The Town and Country Planning Association
Established in Victoria in 1914, the Town and Country Planning Association is a politically independent not-for-profit association incorporated in Victoria. TCPA advocates integrated planning of land use and transport for ecological sustainability and a healthy living environment. The TCPA acknowledges the Traditional Owners of Country throughout Victoria, and pays respects to their elders, past, present and emerging, and to their cultures.
Our activities include:
- writing submissions to government on urban planning matters
- alerting members to events such as public forums and lectures related to urban planning
- alerting members to news items related to urban planning
- writing commentary and opinion articles
- writing policies such as the Charter for Planning
TCPA has made a submission to Melbourne's Future Planning Framework: Draft Land Use Framework Plans (2021). Our thanks to Marianne Richards, who put it all together in a very short time. Our submission can be found at Publications > TCPA submissions > Land...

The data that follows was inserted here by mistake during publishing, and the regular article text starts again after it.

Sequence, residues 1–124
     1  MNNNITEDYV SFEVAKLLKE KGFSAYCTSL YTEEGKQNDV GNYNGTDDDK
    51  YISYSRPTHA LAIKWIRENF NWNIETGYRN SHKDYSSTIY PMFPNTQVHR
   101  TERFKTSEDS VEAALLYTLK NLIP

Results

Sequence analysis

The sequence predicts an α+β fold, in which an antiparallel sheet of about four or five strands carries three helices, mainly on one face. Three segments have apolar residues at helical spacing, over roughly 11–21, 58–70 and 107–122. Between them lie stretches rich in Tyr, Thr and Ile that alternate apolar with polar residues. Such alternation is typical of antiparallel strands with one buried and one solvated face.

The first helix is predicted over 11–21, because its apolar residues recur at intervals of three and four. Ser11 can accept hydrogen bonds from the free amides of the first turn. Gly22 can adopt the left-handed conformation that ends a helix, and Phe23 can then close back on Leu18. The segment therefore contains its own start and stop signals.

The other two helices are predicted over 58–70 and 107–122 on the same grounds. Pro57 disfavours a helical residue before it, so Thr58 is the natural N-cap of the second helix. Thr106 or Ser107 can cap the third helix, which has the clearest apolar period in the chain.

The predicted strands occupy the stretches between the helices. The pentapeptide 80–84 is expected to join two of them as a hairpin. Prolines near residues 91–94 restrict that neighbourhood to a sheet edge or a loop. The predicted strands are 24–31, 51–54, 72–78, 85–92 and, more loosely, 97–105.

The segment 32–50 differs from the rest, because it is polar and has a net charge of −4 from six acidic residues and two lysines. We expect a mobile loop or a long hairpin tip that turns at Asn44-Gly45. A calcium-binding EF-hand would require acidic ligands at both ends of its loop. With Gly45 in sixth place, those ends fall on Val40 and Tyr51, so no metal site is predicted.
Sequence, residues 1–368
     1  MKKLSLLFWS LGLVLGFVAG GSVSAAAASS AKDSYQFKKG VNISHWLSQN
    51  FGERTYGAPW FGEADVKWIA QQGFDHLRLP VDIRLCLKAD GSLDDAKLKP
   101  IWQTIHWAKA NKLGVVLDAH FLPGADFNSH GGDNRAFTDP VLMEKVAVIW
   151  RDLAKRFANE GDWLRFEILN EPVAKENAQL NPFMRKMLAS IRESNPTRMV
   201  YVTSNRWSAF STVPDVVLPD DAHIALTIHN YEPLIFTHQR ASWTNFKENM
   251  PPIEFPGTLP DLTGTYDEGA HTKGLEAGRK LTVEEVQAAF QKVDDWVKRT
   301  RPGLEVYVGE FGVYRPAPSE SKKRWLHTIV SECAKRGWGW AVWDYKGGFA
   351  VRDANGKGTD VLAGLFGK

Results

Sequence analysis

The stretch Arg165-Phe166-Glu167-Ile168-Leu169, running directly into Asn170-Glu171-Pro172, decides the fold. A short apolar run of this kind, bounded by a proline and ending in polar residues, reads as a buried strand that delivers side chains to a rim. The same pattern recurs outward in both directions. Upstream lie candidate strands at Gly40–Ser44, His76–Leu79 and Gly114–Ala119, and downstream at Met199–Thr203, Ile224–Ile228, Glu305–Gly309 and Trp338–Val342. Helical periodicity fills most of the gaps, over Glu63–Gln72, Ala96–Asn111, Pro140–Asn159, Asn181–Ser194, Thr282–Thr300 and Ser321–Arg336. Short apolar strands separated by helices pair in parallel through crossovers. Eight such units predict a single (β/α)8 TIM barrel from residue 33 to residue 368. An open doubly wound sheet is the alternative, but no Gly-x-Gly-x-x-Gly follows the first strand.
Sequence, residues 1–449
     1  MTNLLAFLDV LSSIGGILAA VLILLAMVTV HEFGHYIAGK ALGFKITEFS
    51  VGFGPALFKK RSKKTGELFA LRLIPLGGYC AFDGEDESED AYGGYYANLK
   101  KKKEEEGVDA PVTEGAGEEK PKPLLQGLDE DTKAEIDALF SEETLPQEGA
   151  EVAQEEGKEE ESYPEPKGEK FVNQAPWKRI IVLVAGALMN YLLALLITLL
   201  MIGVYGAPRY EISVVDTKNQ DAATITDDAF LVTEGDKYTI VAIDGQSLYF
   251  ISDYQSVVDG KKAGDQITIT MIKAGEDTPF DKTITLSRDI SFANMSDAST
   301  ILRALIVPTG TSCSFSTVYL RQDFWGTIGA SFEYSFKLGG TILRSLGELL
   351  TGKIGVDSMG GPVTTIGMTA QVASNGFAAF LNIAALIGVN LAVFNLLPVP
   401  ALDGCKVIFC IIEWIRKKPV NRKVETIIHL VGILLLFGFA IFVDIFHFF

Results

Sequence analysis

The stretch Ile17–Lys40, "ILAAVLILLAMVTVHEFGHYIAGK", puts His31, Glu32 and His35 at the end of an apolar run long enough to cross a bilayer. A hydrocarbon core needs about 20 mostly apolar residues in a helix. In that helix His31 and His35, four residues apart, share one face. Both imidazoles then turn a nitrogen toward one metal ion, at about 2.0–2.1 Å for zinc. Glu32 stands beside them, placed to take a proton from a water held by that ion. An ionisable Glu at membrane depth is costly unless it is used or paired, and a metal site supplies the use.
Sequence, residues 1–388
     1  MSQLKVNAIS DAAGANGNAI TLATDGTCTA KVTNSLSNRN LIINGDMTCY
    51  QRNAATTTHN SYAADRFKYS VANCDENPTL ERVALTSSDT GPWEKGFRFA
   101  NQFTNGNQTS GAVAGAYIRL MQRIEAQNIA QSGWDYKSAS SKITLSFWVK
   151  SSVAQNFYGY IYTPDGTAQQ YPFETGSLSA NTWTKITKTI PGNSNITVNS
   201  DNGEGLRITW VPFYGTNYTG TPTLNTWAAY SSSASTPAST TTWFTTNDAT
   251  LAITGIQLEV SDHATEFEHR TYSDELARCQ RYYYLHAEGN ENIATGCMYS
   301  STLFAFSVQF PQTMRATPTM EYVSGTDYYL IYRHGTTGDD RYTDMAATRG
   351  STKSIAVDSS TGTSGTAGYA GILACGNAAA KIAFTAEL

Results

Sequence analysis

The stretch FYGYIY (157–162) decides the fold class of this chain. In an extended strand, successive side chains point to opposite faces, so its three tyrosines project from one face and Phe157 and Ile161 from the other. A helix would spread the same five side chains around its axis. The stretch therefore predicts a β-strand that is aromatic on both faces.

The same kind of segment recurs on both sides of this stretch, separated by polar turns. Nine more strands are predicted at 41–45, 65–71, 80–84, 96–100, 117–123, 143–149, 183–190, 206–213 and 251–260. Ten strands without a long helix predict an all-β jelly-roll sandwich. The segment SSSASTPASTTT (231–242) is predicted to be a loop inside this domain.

On the 14th April 2021, the TCPA committee passed the following motion without dissent. The Town and Country Planning Association supports all levels of Australian governments to undertake explicit steps to achieve net zero carbon emissions by 2050.
Opinion and Commentary
The TCPA committee resolved to endorse the “six key steps to successful infrastructure planning” identified by Infrastructure Victoria in its review of good practice in infrastructure.
We recommend reading the following article that appeared in The Age recently: Big and ugly: the new towers ruining Melbourne's skyline The Age, by John Carroll, September 24, 2015...
Michael Buxton and Norman Day (separately) comment in The Age on high rise apartment building in central Melbourne : http://www.theage.com.au/comment/dirty-extraction-of-highrise-gold-will-pollute-central-melbourne-for-generations-20150910-gjjh71.html...
This article: Melbourne faces becoming 'Anywhere City' in the Australian edition of The Guardian, is consistent with the sustainability and equity principles embodied in our Charter for Planning, and is well worth reading.
Access to jobs for people living in the outer suburbs of Melbourne is a perennial topic of discussion. It has been suggested recently that a tax should be levied on residents and businesses in the city centre and the inner ring of suburbs to pay for new transport...
- Meet people with a common interest in planning cities
- Develop an understanding of urbanism
- Develop ideas for sustainable cities
- Participate in public discourse about urban planning
- Help define the public interest in urban planning